Wednesday, December 28, 2011

Local Health Integration Network (LHIN) model

An excellent examination of the Local Health Integration Network (LHIN) model.
2007 Aging at Home: LHIN Community Engagement
This is a good read, you can judge by these snippets. Below are two other articles he has written.

LHINs at Five years – What Now?
John Ronson

About the Author

John Ronson is a founding partner of Courtyard Group, a global company with offices in Canada, the United States and the United Kingdom that is dedicated to transforming the healthcare system.

Trying to predict the future is always dangerous.  At the inception of Ontario’s Local Health Integration Networks (LHINs) Ronson wrote two pieces for Longwoods – “Local Health Integration Networks:  Will “Made in Ontario” Work?”  [1. Abstract below] and a commentary on an article submitted by the LHIN Chief Executives:  Integrated Health Service Plans:  From Planning to Action [2. Abstract below]

2007 LHIN Community Engagement Session
Ronson writes: Looking back five years, how did I do?  
And more importantly, how have LHINs done and where do we go from here?

 Form Follows Function 
So what should change? The adage “form should follow function” may be old, but that doesn’t make it wrong. In healthcare in Ontario (and in Canada generally) we have split different healthcare delivery functions across multiple different types of organizations and then are surprised when we get poorly integrated care delivery at very high cost! With the creation of LHINs we attempted to split the planning function from actual healthcare delivery but we left a massive Ministry bureaucracy in place and hundreds of individual and separately governed healthcare organizations for LHINs to attempt to coordinate. Plus we left some of the most important functions (primary care, prescription drugs, etc.) outside of the model completely.

1. Will “Made in Ontario” Work? Ronson, J. 2006. "Local Health Integration Networks: Will 'Made in Ontario' Work?" Healthcare Quarterly 9(1): 46-49.

The Province of Ontario has belatedly followed the other nine provinces in moving to a form of regional healthcare governance structure with the introduction of the Local Health System Integration Act, 2005 ("Bill 36") in the Ontario Legislature on November 24, 2005. Bill 36 has received second reading and has been referred to a Legislative Committee for hearings early in 2006.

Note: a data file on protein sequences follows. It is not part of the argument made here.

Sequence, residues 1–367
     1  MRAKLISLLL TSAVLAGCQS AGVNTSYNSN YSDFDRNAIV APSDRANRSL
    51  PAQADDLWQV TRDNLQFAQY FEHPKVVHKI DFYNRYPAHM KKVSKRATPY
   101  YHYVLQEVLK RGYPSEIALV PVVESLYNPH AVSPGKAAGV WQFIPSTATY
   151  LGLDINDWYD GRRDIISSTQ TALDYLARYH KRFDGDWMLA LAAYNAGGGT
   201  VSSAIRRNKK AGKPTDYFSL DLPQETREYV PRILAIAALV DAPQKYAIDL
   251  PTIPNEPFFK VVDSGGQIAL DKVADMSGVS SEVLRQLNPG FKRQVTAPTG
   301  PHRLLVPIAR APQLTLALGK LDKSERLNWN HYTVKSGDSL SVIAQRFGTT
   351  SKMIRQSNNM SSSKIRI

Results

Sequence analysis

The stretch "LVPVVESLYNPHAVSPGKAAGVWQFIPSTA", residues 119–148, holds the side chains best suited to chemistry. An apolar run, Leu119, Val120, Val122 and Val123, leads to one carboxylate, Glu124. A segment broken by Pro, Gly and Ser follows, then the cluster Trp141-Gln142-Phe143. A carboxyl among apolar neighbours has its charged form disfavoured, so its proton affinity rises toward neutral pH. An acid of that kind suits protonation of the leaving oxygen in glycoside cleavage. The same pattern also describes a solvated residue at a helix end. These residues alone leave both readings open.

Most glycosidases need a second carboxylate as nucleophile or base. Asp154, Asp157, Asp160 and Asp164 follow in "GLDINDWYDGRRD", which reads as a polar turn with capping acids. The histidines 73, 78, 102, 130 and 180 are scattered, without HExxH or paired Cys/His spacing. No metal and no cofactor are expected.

The recent creation of integrated health services plans (IHSPs) by Ontario's 14 regional local health integration networks (LHINs) is an impressive example of collaborative planning, well documented in the lead article. The list of potential areas for improvement in health and healthcare is a long one - and the IHSP process has identified them well. Unfortunately, excellent planning, while an important precursor, does not ensure implementation success. Moving from planning to action is where many well-designed strategies disintegrate.
Multiple dimensions of traditional healthcare power dynamics must be addressed as LHINs move from planning to implementation. The traditional power bases of hospitals and physicians, largely unthreatened in planning, will move to the forefront during implementation. The "command and control" nature of the Ministry of Health and Long-Term Care must also be neutralized if LHINs are to be successful. Action strategies must be adopted immediately or LHINs will be tempted to retreat to the refuge of yet more planning.


Osborne, D.E. and T. Gaebler. 1992. Reinventing Government: How the Entrepreneurial Spirit is Transforming the Public Sector. Reading, MA: Addison-Wesley.
Smart Systems for Health Agency, Ontario. 2006. Smart Systems for Health Agency: Operational Review Final Report, November 6, 2006. Toronto: Author. 

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